How Throwing Away Your Old Batteries Can Put People in Danger
FAIRFIELD, Utah — Poorly stored or thrown away batteries can lead to house fires, but they can lead to much bigger fires, too. Battery fires have become expensive and dangerous for the sanitation industry.
Managing our garbage all day long keeps the workers at Intermountain Regional Landfill busy. But every couple of weeks, they must stop their work to fight fires.
One fire a couple of years ago shut them down for more than a day. The landfill’s operators believe batteries hidden in household garbage were compacted, which allowed them to heat up enough to ignite the blaze.
Landfills in the United States get burned with about 8,300 fires every year, according to a report from the U.S. Fire Administration.
The issue has become so costly for the Intermountain Regional Landfill that the bosses invested in infrared cameras, which alert them anytime there is a higher-than-normal temperature reading.
LiveView Technologies manufactured those infrared camera units. Its vice president of product, Brandon Woolf, said landfills, with all those battery fires, are among their biggest clients.
“We actually got tipped off a few years ago to some of the need from the industry and saw that nobody was filling that gap,” said Woolf.
Getting a fast start on fires is better than having them grow huge, but not as good as not having to fight them at all, which is why the message to anyone who throws their batteries away in the trash is to separate them for recycling instead.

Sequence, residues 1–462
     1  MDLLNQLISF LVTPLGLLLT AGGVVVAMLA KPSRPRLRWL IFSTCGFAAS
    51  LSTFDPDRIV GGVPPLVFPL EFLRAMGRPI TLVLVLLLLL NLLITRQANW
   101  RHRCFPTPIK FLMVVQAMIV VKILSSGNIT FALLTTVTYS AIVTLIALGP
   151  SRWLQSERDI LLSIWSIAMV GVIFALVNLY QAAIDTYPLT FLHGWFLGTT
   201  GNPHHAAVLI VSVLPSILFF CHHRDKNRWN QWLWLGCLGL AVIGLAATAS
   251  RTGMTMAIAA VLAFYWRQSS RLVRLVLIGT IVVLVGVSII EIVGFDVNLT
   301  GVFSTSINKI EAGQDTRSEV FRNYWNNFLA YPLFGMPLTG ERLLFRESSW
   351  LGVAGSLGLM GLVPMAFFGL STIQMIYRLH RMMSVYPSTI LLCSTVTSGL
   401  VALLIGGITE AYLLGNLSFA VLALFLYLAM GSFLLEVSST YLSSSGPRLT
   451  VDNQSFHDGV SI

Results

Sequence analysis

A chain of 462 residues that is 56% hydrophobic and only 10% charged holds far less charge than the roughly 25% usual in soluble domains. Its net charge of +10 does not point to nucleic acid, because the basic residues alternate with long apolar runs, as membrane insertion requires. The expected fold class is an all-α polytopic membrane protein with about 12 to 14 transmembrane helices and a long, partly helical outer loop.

Ironically, recycling is exactly what Jane Jensen was trying to do when a fire ignited in her car, which was parked in the garage of her Taylorsville home. A couple of 9-volt batteries in a sack she put on her back seat sparked the fire.
With the help of Unified Fire Authority’s Patrick Costin, the KSL Investigators showed how crossing a 9-volt battery’s terminals with a piece of metal can cause the battery to get hot enough to start a fire.
If you are holding onto batteries before your trip to an e-waste recycler, Costin said it is important to store 9-volt batteries, even dead ones, the right way. Cover the terminals with tape.
“That’s going to keep these contacts from touching metal objects, arching, creating sparks, anything like that,” explained Costin.
The Salt Lake Valley Landfill accepts batteries for recycling at its Household Hazardous Waste drop off, as does Weber County, the South Utah Valley Solid Waste District and the North Pointe Solid Waste Special Service District.
Landfill fires can be incredibly dangerous and really tough to fight. They can actually burn underground. In fact, there is a landfill fire burning right now in Australia that has been going for a year-and-a-half.